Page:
The Patriots, 1780-1795 Kingdom of Holland
1806-1813






The Batavian Republic, 1795-1806



The French revolutionary armies had defeated the Prussians and Austrians; the theatre of war had moved into southwestern Germany and northern Italy. In this situation, on January 18th 1795, a Revolutionary Committee lead by Schimmelpenninck took over government in Amsterdam. Soon afterward, French troops arrived. In other Dutch cities, similar committees were formed; the Estates, and finally the Staten Generael turned revolutionary. The Dutch Republic was renamed Batavian Republic.
On May 16th 1795, the Batavian and French republics signed the Treaty of Den Haag, according to which both states formed a defensive alliance; the Batavian Republic ceded Dutch Flanders, Maastricht and Venlo to France.
In 1796, the provinces of Drente and Noord Brabant, hitherto without representation in parliament (one too thinly populated, the other with a Catholic majority) were given seats in Parliament. Constitutional changes separate church and state; the Jews were given equal rights as citizens (Sept. 2nd 1796). Coup d'etats on Jan. 22nd 1798 and June 12th 1798 reflect similar developments in France.
The Dutch fleets had been destroyed by the British in 1797. In 1799, the Russians invaded the country; the Dutch navy refused to fight against the orange (Imperial Russian) flag. However, Dutch patriots organized the defense, and both the Russians and British withdrew. In 1801, a third coup d'etat under French general Augereau. In 1804, Napoleon negotiated with Schimmelpenninck to introduce an administration headed by a single person. Schimmelpenninck was appointed Raadspensionaris. A number of reforms were passed. Napoleon, in 1806, demanded the dismissal of Schimmelpenninck and the invitation of his brother, Louis Napoleon, as king of Holland, thus ending the Batavian Republic.

The Batavian Republic was the attempt to continue the revolution abruptly ended by the invading Prussian forces in 1787. However, France's influence, be it it's demand for soldiers, subsidies, territory or it's demand for the Batavian Republic to follow French policies, was disruptive.
Frequent coups, frequent changes of the constitution had the effect that the situation could not stabilize. While a number of the reforms undertaken lasted, as did some non-political institutions, the Batavian Republic was nothing more than an episode in Dutch history.
The population of the Batavian Republic rose from 1,880,000 in 1795 to 2,178,000 in 1806.





EXTERNAL
FILES
Article Batavian Republic, from infoplease
De belangrijkste gebeurtenissen uit de periode 1796 - 1849, from geschiedenis.com, detailed chronological list, in Dutch
Den Helder Campaign, 1799, from Land Forces of Britain, the Empire and Commonwealth
Dutch vessels at Kamperduin, 1797, by V.P. van Deventer; Camperdown, from cleverley.org
The 1795 Revolution, from Amsterdam Heritage
Herman Willem Daendels (1762-1818) en Het Bataafse Legioen, by Frank Mooijman
Nederlandse Held begraven in het Pantheon, Jan Willem de Winter 1750-1812, by Ger Verhoeve, in Dutch, illustrated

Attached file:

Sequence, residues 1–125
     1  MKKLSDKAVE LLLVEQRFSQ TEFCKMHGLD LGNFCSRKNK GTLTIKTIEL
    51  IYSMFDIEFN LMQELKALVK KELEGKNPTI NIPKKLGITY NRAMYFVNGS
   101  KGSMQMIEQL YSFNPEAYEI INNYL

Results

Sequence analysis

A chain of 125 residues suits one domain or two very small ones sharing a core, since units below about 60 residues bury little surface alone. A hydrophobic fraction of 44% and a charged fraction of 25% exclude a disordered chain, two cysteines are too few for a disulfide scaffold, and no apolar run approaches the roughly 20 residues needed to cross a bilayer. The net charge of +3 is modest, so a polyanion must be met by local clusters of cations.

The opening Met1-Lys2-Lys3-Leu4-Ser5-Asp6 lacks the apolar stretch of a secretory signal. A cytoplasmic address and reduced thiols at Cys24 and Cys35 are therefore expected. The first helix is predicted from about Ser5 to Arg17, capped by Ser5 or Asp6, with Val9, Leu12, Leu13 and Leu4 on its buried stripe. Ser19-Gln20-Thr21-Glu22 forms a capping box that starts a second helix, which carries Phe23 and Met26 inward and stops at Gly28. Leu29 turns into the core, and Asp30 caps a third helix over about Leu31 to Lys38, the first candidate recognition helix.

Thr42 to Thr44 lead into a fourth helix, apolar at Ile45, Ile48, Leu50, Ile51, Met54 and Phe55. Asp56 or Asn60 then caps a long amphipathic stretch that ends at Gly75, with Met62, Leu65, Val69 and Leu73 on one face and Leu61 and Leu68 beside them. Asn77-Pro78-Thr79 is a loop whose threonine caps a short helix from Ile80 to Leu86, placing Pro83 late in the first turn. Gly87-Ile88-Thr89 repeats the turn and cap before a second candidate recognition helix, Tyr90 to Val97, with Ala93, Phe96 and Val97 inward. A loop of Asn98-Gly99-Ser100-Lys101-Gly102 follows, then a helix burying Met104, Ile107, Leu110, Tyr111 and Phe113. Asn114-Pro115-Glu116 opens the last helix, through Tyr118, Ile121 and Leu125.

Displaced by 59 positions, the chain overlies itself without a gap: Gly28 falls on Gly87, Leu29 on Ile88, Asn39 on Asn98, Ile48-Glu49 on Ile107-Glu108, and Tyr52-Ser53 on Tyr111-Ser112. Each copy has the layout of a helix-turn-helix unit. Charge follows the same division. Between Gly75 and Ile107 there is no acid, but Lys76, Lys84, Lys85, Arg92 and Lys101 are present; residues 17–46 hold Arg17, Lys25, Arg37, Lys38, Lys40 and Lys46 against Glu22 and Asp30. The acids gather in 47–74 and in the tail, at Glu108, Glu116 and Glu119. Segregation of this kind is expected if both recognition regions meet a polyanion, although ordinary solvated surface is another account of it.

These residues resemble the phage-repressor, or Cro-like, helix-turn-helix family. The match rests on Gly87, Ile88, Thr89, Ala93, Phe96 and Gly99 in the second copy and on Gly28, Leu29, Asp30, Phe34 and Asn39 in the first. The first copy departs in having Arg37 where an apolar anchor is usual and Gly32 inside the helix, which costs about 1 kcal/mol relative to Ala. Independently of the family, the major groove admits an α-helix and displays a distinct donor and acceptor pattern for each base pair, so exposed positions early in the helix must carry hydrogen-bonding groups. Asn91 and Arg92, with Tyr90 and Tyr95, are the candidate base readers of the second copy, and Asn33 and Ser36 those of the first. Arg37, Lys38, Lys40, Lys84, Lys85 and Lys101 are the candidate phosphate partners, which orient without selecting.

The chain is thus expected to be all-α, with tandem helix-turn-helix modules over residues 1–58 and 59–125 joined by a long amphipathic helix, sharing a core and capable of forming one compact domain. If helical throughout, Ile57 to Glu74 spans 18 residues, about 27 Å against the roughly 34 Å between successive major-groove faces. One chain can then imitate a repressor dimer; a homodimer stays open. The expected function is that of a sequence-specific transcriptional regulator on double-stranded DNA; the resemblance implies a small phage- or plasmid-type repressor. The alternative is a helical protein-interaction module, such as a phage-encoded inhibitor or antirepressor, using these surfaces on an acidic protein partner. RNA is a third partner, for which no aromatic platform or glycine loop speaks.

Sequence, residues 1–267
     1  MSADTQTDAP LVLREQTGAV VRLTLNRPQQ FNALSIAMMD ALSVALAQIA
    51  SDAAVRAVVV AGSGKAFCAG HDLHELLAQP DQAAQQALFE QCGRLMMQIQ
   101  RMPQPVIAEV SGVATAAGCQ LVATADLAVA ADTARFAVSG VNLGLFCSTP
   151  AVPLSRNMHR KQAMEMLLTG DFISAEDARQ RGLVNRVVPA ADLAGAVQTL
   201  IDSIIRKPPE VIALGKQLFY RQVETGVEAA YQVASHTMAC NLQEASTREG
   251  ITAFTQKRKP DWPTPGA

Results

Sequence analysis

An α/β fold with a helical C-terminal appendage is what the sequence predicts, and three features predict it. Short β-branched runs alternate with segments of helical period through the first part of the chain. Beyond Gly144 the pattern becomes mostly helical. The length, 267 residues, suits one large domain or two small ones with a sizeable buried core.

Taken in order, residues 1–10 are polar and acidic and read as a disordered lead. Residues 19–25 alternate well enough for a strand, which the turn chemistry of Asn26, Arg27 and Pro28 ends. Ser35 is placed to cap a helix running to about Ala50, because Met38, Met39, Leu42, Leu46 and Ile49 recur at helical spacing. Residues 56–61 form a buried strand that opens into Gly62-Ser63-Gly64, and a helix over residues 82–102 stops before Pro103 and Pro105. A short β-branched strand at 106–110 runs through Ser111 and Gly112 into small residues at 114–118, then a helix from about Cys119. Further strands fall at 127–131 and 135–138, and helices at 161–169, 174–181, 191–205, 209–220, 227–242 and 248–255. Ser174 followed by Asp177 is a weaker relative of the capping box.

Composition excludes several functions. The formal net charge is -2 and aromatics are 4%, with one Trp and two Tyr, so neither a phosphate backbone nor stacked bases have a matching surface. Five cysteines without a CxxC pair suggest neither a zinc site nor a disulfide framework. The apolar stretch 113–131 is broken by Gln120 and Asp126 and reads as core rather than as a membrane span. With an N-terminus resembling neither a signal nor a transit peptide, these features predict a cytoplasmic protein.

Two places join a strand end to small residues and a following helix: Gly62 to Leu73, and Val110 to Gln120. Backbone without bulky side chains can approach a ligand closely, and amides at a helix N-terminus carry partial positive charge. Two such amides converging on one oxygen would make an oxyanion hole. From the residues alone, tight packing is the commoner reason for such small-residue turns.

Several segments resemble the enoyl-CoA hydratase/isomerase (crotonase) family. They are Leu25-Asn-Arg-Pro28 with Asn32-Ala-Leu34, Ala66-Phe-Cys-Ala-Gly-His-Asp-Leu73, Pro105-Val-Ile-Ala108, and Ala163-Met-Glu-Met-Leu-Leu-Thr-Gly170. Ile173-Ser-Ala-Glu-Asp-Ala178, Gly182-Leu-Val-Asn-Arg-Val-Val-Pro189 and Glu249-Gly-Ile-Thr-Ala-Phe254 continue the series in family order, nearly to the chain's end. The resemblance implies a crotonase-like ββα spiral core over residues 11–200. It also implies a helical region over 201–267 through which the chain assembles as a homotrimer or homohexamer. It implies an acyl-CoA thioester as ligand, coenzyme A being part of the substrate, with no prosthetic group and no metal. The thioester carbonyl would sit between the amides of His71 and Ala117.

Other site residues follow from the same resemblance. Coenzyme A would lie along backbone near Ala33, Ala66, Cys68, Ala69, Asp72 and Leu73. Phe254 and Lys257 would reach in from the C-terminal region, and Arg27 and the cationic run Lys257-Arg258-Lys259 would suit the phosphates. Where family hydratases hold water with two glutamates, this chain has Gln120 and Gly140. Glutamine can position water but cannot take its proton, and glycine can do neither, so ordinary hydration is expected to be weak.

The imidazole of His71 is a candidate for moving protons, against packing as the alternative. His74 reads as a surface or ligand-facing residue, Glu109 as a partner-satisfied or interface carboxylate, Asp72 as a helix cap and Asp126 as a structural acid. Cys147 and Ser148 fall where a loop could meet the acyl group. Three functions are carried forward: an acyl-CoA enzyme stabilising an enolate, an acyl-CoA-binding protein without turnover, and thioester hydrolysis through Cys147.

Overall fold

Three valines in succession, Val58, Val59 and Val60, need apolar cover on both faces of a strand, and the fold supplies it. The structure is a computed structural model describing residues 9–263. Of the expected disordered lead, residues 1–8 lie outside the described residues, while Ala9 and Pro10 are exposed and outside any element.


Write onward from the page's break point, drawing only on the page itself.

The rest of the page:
DOCUMENTS Maps : Northern Netherlands, districts 1798, Batavian Republic in 1801, Batavian Republic in 1805 from Museum voor Vaderlandse Geschiedenis, from Mees, Historische Atlas, 1865
De Staatsregeling van 1798, bronnen voor de totstandkoming, from Koninglijke Bibliotheek (The constitution of 1798, sources regarding its creation, in Dutch, extensive)
Verfassung der Batavischen Republik, 1798 (Constitution of the Batavian Republic, 1798), posted by Verfassungen.de, in German
Verfassung der Bataviaschen Republik, 1801 (Constitution of the Batavian Republic, 1801), posted by Verfassungen.de, in German
Verfassung der Bataviaschen Republik, 1805 (Constitution of the Batavian Republic, 1805), posted by Verfassungen.de, in German
Coins of the Batavian Republic, from Numismania
Treaty of May 24th 1806 between France and the Batavian Republic, from napoleonseries.org
Treaty of June 5th 1806, from French Heraldry, in French
French map of Holland 1795, from Napoleon Online, features the entire northern Netherlands, no borders; has places, chaussees, coastline etc.
Maps on the siege of s'Hertogenbosch, Siege of Venlo , Siege of Maastricht, Siege of Nijmegen (1794), from Napoleon Online
Portrait of R.J. Schimmelpenninck, by P. Prud'hon 1802, from Rijksmuseum Amsterdam, click artists, p, prud'hon, thumbnail picture
Silhouettes of members of Batavian R. Assembly 1796, from Rijksmuseum Amsterdam, 1250 major exhibits, encyclopedia, b, batavian republic, thumbnail picture
Population Statistics Batavian Republiv 1795-1806, from The Netherlands : historical demographical data for the whole country, from Jan Lahmeyer, Population Statistics
Il Quadro Statistico della Repubblica Batava (Description of the Batavian Republic, in Italian, 1799), from Napoleon Series
Medal : Battle of Camperdown (Kamperduin), from Blackwatch
Medal : Capture of (den) Helder Point, from Blackwatch
Netherlands - Batavian Republic, Warflags, from warflag.com
Republique Batave, Arme Batave, from Annuaire 1789-1815, in French
REFERENCE Simon Schama, Patriots and Liberators : Revolution in the Netherlands, 1780-1813, reprint 1992
H.P.H. Jansen, Kalendarium. Geschiedenis van de Lage Landen in Jaartallen. Calendarium. History of the Low Countries by Years), Utrecht 1979



This page is part of World History at KMLA
First posted on January 4th 2002, last revised on May 8th 2006

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